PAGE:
In Memoriam: Steve Newberry
January 2, 1928 — August 8, 2014

Picture of Steve Newberry playing a guitar

Steve Newberry, GAL member and longtime friend of the guitar, passed away on August 8 from complications of multiple strokes. He is survived by his wife Virginia and children, who reside in Los Altos, California.

Steve Newberry was an interesting man, full of wisdom and contradictions, with an active mind and the multiple concerns of living life. At various points he was a mathematician, a computer scientist, a husband and father, a widower (in his first marriage), a reader, a staunch Democrat, a Daoist, a Catholic, a freethinker, a physicist, a philosopher, a teacher, a traveler, a marksman, a collector, a Jew, a fervent Republican, a luthier, and a guitar player. He could be difficult to get along with from time to time. But which of us isn’t? And not least of all, my God, but he loved the guitar!

Steve was a witness to the birth of American lutherie from the 1940s on, when the first seeds of what would become the American lutherie boom were sown by Spanish luthiers who transplanted themselves into the U.S., and their very first young American admirers and groupies. Steve was certainly one of these. He seems to have begun his love affair with the guitar while in his teens. He wrote of his formative experiences in an article in American Lutherie #66 (Big Red Book of American Lutherie Volume Six), about his youthful observations about and in the shop of Vicente Tatay, one of the first Spanish guitar makers to have settled in New York. It’s one of the best human interest articles I’ve ever read.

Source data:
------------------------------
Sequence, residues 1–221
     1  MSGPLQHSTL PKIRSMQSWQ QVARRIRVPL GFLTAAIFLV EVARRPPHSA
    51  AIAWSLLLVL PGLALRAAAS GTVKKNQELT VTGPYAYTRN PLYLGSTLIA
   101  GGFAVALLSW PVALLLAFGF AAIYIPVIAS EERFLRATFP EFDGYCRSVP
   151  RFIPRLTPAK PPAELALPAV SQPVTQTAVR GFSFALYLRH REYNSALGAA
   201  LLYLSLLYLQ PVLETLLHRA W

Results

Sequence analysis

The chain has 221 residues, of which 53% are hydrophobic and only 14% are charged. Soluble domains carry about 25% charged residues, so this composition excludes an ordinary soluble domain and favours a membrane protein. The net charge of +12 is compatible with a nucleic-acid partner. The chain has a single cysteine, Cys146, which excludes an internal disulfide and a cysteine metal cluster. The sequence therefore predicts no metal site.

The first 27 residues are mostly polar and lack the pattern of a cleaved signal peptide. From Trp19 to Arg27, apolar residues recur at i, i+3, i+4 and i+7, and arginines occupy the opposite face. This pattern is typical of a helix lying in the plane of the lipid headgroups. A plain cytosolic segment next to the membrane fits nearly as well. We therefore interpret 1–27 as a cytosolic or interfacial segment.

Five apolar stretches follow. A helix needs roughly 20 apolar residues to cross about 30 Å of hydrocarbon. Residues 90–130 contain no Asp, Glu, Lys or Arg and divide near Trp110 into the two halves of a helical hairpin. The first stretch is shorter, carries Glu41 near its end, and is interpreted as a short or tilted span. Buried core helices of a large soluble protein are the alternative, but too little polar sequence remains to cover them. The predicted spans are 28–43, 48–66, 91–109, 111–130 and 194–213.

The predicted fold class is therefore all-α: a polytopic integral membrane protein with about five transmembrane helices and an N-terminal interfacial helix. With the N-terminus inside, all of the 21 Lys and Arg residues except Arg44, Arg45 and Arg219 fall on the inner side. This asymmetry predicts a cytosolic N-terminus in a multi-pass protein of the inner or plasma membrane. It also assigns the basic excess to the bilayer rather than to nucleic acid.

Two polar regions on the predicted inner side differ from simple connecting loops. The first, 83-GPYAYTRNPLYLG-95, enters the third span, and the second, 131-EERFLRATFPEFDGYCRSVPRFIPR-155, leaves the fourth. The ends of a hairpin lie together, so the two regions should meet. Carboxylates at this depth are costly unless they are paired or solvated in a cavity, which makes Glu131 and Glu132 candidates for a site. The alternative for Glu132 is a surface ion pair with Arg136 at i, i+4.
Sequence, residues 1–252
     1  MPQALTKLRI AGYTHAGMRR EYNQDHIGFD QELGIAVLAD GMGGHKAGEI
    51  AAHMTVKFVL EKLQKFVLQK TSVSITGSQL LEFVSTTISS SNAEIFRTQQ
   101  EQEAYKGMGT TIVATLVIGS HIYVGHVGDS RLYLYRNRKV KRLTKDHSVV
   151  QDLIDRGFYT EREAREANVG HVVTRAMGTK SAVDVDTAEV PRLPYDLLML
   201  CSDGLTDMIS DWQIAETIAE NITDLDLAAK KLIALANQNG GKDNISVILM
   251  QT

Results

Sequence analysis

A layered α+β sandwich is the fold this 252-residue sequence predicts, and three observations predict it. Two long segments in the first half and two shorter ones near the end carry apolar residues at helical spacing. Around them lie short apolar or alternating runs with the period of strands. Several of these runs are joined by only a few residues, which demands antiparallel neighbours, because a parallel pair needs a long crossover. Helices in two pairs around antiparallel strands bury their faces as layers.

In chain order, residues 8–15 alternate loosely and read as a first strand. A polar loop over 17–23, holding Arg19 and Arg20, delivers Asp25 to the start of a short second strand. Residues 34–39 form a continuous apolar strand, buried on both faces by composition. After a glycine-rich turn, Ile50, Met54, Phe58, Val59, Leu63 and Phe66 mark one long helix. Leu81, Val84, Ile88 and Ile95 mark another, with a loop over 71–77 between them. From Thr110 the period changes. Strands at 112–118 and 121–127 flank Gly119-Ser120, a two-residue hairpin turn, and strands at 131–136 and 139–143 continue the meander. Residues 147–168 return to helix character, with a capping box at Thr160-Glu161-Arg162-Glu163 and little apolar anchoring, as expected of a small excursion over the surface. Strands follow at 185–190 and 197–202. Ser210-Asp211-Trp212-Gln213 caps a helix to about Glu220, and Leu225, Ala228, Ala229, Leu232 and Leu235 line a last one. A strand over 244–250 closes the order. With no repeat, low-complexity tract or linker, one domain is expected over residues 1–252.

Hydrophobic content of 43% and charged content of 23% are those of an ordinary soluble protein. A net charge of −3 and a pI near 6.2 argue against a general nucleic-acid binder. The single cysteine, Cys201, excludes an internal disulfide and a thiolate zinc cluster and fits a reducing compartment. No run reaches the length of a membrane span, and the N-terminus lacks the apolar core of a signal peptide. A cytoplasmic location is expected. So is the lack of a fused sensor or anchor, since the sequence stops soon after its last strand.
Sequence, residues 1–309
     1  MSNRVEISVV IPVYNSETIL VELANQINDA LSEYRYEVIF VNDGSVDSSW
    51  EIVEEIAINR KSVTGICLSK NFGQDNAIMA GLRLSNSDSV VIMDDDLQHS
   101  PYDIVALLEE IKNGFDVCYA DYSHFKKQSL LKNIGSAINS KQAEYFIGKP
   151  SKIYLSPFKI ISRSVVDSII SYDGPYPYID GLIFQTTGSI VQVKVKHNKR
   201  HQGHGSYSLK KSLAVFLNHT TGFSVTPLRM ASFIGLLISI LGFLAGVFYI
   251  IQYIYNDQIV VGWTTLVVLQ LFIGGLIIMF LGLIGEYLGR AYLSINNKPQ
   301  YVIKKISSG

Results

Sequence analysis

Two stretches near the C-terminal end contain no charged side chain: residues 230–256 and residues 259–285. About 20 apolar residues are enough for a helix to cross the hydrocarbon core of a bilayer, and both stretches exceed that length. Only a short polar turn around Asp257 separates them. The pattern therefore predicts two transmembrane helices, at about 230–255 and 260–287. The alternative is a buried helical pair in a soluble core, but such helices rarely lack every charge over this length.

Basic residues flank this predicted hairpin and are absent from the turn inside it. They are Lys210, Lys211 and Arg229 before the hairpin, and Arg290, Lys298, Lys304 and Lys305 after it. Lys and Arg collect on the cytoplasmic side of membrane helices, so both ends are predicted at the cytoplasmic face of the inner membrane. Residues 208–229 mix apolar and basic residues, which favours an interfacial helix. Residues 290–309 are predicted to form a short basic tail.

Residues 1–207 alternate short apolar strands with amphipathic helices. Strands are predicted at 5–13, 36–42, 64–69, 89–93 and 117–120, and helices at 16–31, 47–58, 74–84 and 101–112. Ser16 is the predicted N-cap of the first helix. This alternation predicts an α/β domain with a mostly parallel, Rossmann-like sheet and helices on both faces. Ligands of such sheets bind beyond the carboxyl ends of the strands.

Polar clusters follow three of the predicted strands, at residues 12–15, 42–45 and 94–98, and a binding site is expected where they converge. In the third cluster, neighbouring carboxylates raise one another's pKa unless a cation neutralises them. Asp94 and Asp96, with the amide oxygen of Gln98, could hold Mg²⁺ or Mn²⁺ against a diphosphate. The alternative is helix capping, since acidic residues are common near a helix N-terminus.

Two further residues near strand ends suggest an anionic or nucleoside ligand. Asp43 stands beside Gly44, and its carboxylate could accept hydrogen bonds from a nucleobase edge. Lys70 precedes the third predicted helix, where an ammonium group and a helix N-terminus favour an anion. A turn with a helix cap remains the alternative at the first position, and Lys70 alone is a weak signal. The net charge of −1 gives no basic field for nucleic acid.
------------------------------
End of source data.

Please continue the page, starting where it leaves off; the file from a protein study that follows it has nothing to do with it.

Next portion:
Steve was also an articulate man who could speak to, and about, any of the above things, and more. And he was generous with his knowledge to anyone who would listen to his very involved and sophisticated explanations. And he was certainly knowledgeable about the bibliography of the guitar and the scientific literature that was published about it, and areas of acoustics and physics associated with it, in the form of academic articles. I am grateful to Steve for having put into words, for me, things that put a great many inchoate hands-on experiences at the workbench into usable perspective. There is no doubt that he influenced my thinking and my choices of words and phrasing in the books that I’ve written, and if anyone has gotten benefit from my writings, Steve should get some of the credit for that. There is no doubt that he has influenced others as well.

A part of the history of this work has gone with him, impoverishing all of us. I will miss him.

             — Ervin Somogyi

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